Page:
It’s not a secret, I wave my “nerd” flag proudly.
Going back to school was one of the smartest decisions I ever made, not necessarily because going would provide me with a viable career alternative (it does, but not a career I want at this point), but because it allowed me to thrive and grow intellectually in a way that solidified where I want to go outside of academia. I did grad school for me. There was no ulterior motive to me getting my master’s – I was purely fueled by passion.
In grad school, I was immediately forced outside of my shell. In undergrad, you can hide in the back of lecture halls. You can write papers the night before and still do well. You can get away without ever raising your hand. This was not the case for grad school. I have never had to be more present, more active and more engaged in everything I was reading, writing and doing. It was in grad school that I found my voice (and then you couldn’t shut me up). I learned the value in being critical and yet flexible with my thoughts. I learned the value of being a dissenter.
I never went into grad school thinking that an M.A. in English would give me an “edge” in the corporate world, because, frankly, it doesn’t. As I said, I did it purely for self-gratification (*waves nerd flag yet again*). However, I also knew that going would leave a door open, which in many ways is more valuable than an “edge.” I don’t intend on teaching anytime soon, but should that become a desire, I can do so. If seeing the economy collapse taught me anything, it’s the value in having more than one “niche.”
And, while I was never more stressed and pressed for time than in grad school, I also had the blessing of grants and loans to keep me afloat. This meant that I was able to become more creative with the ways I made money. Instead of a full time corporate gig, I explored freelance writing jobs. Because I had also started my blog while in grad school, I then had an online resume of sorts. While this blog may seem like a place where I just curse and whine, it’s also proof that I’m invested in an online community of health activism and that I have a story (not to mention tons of opinions lol). This helped me land my first gig in the “health sphere” with Hungry Girl. From there, I was able to land a job in ghost-blogging for a celebrity. From there, I was able to do PR as a freelancer for health-focused companies.
When people ask me if they should major in x to get a job in x, I say “you can. but you don’t have to.” My biggest piece of advice for people wanting to get into a field is to find a way into that field immediately (this way you also know whether you really want it) and to be flexible (I’m pretty certain no one gets her dream job on her first try; and, even a dream job has to be consistently tweaked to maintain its benefits). I think the value of internships is underrated.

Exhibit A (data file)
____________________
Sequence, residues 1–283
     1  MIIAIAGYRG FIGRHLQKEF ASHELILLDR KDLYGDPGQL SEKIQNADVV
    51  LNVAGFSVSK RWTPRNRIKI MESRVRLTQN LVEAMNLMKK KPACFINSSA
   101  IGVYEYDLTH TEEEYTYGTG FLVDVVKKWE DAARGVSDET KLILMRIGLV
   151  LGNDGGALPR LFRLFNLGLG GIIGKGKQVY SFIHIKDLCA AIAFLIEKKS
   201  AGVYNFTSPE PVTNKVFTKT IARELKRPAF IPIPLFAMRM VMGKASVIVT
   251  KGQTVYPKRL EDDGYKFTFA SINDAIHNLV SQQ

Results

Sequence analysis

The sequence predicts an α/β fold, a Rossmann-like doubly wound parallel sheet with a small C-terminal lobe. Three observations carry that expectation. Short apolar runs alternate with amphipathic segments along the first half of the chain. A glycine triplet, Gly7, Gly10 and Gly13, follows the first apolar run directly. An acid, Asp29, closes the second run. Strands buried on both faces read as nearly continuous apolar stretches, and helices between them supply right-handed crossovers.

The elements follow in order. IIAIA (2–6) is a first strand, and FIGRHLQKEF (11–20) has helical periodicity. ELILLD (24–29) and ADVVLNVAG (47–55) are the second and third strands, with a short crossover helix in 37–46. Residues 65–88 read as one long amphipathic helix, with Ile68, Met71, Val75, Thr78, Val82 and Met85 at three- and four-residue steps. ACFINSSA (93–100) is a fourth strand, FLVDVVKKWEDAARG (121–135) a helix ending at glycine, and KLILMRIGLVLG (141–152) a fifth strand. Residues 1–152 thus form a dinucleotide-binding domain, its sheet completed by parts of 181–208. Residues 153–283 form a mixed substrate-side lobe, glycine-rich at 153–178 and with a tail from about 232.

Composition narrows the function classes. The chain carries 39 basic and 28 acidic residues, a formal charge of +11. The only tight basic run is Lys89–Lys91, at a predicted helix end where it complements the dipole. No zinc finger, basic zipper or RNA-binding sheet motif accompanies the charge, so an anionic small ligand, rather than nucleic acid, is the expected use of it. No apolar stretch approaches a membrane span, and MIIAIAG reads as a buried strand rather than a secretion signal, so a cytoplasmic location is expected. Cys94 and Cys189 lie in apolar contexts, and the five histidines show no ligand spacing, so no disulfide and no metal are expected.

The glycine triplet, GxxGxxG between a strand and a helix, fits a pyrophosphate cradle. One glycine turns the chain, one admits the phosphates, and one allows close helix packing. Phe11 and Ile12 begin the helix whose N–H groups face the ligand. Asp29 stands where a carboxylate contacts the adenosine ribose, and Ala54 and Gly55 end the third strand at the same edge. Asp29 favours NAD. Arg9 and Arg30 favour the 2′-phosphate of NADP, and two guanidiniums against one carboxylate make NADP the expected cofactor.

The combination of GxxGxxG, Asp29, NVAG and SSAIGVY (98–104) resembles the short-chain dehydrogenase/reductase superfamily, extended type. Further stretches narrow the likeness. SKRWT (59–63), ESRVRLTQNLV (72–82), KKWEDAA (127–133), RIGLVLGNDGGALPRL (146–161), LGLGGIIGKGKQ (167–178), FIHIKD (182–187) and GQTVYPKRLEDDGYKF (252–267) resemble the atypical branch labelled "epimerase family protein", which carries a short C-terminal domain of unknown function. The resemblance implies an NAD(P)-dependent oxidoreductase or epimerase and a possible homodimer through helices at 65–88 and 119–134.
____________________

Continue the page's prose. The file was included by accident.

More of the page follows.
I think “passion” gets a lot of hype when recruiters tell applicants to be “passionate,” but that really doesn’t mean anything if that passion is not paired with action (what is passion without action?!). If you are passionate about something, you should be doing it, even if you’re not being paid for it at first, and even if you are not being paid what you want to be paid (at first). Chances are, you will soon enough be paid for it, and paid what you deserve, because true passion in invaluable to an employer (and to yourself!).
I think I’m rambling…
This whole series was to answer the question of how I got into PR. So to sum it up – I got into PR through internships. I got into health writing because I was passionate about it and started a blog. I started the blog in grad school where I had found my voice, and a flexible schedule.
PR has never been my passion in and of itself. Health writing (and writing in general) has been. And, I love helping businesses achieve their goals; but I cannot and will not do PR for companies I part with from an ethical standpoint. In other words, I couldn’t do PR for a company that hawks diet pills. The value, for me, in having multiple niches when finding jobs is that I have always had the luxury of choice.
I’m post-grad (*cries*). And doing PR and health writing full time. I am incredibly grateful for the opportunities that have landed before me, and for the ones I fought to come my way. I am also cognizant, as I mentioned in my first post, that things are different now for me – and for most of my end-of-20s Gen Yers – than they were at the beginning of my 20s and certainly differently than how I had envisioned. When I was 21, I had a 401k and employer-paid health insurance. And lots of financial perks. When the economy collapsed, those things went out the window. I remember a time when I was 26 and making as much per hour as I was making when I was 19. But I have also found freedom in the instability. I have found a person who values her principles and happiness over a stable job she hates. A fighter was born from the collapse, yo. I’ve also found more literal freedom in the recession mobile age. There are more ROWE companies and telecommuting positions.
And, if somewhere down the road, I decide I want to change things up, I can always go to teaching community college; or, get my PhD and teach university students.
Or … I can just finish writing my book and sustain myself (every blogger’s dream lol).
I know quite a few people who read my blog (thank you, by the way!) are in grad school or post-grad. What are your thoughts on career and life in the “real world,” esp. given the nature of the economy?
The Cranky One
Tags: Generation Y